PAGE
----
I don't understand what you're asking. If you are talking about enabling your DSL modem to be a router with some firewalling and then having another firewall appliance hanging off your DSL modem then your server, no, this isn't more secure.

No matter how you spin it, if you port-forward, you have a hole in your firewall security. Period. The most secure firewall is one which has ZERO exceptions for untrusted public connections to internal private addresses. But firewalls are designed so they allow inside to outside traffic. To get around this behavior, port forwards were created. You are bypassing the basic function of a firewall by allowing traffic from an untrusted source to enter into your internal network. If the traffic was from a trusted environment space, you wouldn't need a firewall, right? But if you are under the impression that you can increase security by adding multiple firewalls between the source client to your server, you are sadly mistaken. Having one firewall between client and server has the same effect as having 100000000000000000000000 firewalls between them. The only difference is you've increased your administration headaches and system complexity by creating double, triple, quadruple, etc, etc NATs.

As I've said above, the only way to mitigate security risks with port-forwards is to have a proper network design.
 

rfxcasey

Thread Starter
Joined
Jan 26, 2009
Messages
76
No I think you misunderstood. I mean a firewall then your server and another firewall on the same subnet behind your first firewall. The second firewall would effectively protect you internal network but the server would not be behind it. The DSL router/modem firewall would serve to protect your server while the rest of your network would be behind a second firewall.

Oh well I thought with the first firewall you could forward a port only to the IP of the server. If a hacker wanted to get past your second firewall that guards your internal network all the ports from that stage would be blocked. Though as you say it would create a double NAT condition for you internal network and a bit more of an administering headache.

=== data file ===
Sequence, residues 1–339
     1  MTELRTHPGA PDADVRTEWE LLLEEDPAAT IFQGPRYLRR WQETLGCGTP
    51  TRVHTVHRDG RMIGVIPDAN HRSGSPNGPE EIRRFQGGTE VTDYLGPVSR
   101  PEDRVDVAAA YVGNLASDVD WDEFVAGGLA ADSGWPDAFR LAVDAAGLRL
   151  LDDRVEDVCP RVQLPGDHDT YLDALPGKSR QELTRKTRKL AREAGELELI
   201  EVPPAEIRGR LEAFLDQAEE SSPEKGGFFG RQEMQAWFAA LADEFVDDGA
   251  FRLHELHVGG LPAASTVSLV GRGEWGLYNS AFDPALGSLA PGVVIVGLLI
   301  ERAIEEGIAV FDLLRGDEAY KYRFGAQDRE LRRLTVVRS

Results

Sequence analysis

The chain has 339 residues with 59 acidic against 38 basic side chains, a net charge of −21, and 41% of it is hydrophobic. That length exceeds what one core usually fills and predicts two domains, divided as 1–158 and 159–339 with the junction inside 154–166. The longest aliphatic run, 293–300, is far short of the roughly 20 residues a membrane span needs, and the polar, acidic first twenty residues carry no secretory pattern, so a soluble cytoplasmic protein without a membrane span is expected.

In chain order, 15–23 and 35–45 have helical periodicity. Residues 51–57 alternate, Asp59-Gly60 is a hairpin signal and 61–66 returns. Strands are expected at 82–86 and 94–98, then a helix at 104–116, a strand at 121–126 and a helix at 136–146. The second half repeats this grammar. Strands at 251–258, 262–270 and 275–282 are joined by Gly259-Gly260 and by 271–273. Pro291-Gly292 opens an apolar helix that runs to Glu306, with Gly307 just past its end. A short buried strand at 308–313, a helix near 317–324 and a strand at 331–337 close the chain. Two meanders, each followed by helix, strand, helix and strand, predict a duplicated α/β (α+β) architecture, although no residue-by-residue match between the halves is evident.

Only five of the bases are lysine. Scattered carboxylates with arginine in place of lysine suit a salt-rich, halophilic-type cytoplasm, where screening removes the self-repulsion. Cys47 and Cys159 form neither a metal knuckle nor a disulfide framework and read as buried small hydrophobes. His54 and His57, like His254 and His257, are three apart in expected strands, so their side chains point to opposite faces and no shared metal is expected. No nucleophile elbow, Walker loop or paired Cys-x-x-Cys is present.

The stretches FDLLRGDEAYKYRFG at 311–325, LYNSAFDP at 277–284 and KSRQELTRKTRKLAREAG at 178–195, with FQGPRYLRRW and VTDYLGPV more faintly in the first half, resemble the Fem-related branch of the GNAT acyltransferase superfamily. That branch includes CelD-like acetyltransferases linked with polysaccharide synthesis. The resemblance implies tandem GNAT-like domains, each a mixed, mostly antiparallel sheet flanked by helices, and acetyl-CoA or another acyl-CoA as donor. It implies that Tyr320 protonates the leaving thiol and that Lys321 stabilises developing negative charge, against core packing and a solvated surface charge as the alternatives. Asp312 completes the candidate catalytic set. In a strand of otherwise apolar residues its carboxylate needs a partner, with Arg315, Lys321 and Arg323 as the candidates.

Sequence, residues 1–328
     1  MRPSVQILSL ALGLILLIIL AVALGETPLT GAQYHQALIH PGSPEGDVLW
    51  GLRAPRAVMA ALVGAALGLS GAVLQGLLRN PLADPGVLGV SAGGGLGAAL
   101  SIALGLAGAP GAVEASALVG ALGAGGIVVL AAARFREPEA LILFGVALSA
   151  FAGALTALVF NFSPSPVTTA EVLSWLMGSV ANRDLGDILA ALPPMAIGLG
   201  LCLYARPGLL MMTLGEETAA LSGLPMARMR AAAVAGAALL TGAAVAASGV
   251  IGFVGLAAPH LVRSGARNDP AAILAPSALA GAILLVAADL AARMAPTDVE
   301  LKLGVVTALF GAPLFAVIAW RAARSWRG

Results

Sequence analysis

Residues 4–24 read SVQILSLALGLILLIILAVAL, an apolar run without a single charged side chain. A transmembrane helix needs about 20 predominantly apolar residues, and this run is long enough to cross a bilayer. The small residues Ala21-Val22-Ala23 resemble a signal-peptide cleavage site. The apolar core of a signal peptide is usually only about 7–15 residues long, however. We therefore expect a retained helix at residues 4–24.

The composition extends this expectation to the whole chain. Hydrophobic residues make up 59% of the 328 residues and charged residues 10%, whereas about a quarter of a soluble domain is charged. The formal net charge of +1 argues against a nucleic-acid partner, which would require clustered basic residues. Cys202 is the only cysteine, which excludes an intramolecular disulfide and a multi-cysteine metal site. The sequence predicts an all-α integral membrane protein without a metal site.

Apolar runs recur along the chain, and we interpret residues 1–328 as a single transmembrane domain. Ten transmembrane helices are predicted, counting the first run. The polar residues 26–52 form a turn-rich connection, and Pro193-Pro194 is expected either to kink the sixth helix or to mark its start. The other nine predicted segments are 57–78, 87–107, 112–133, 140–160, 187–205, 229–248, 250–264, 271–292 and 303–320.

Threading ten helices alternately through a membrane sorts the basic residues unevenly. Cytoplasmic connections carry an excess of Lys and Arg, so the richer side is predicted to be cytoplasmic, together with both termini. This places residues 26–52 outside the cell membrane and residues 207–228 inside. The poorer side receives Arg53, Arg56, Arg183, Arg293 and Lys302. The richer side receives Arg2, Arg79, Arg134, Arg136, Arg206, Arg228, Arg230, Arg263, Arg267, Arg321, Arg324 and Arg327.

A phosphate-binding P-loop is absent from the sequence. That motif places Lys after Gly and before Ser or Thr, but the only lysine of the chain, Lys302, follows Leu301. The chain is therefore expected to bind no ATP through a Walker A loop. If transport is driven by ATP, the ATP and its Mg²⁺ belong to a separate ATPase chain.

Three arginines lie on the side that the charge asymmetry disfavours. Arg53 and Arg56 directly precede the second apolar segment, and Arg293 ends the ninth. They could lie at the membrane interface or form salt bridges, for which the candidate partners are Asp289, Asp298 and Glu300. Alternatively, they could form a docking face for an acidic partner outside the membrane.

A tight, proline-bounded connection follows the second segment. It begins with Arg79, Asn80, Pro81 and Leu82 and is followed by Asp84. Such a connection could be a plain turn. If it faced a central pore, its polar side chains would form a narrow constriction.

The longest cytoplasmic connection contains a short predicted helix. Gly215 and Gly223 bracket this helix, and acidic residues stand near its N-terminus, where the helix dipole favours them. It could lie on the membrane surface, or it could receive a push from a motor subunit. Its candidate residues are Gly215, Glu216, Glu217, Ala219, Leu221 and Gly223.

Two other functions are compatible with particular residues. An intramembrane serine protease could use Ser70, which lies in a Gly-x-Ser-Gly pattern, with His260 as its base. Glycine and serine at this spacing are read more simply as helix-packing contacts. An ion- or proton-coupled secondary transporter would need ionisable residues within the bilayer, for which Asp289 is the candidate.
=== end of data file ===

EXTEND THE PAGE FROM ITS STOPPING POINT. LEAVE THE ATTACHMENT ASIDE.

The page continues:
When describing how a hacker might attempt to break in you lead me to the impression that software firewalls are not very good. Can you elaborate on that a little.
 

zx10guy

Trusted Advisor
Spam Fighter
Joined
Mar 30, 2008
Messages
6,574
Yes. That would be a good way to secure your network with your elaboration. There are some other risks which are still present doing this but I would say worrying about those scenarios is like having a meteor hit you. In fact this is similar to how I have my network at home set up.

The double NAT is not a big deal unless you're looking to port forward down to something behind the second firewall which would defeat the purpose of setting up this configuration. You would only have to point your default gateway to the first firewall on the second firewall.

As far as software firewalls go, I'm not an expert on them. I just get a sense from my interactions with some of my coworkers who are security/penetration experts that some are better than others.
 

rfxcasey

Thread Starter
Joined
Jan 26, 2009
Messages
76
You seem like a smart guy, and while I have your attention let me ask you this. I have set up my network as we discussed. The DSL modem/router has my firewall box and my server directly behind it. I have enabled the firewall option in the DSL router and have forwarded port 21 to the IP of my server. I have NAT enabled and there is an option to for dynamic dns where I have entered my no-ip information. From within the network using the IP of the server I can log into it. But if I try to enter the dns *****.myftp.org using port 21 though Filezilla it seems like it is trying to log me into the router because I see the server message as fireware ***** and asks me for a user name and password. It seemed like it was half working before because I would get the correct server message ******.myftp.org and let me log in to the server but then when the list command would come up it would just get stuck there and then eventually say directory list failed or something similar. I have tried opening port 20 as well as the passive port range but I am getting no love. I am trying to run this in passive mode but active wasn't working either. Do you think I need to make the server port trigger the passive port range? I think I already tried that but I'm gonna mess with it again tonight when I get home. This is driving me a little nutz. Sorry if some of this is generalized.
 
Status
This thread has been Locked and is not open to further replies. Please start a New Thread if you're having a similar issue. View our Welcome Guide to learn how to use this site.

Users Who Are Viewing This Thread (Users: 0, Guests: 1)

As Seen On
As Seen On...

Welcome to Tech Support Guy!

Are you looking for the solution to your computer problem? Join our site today to ask your question. This site is completely free -- paid for by advertisers and donations.

If you're not already familiar with forums, watch our Welcome Guide to get started.

Join over 807,865 other people just like you!

Latest posts

Staff online

Members online

Top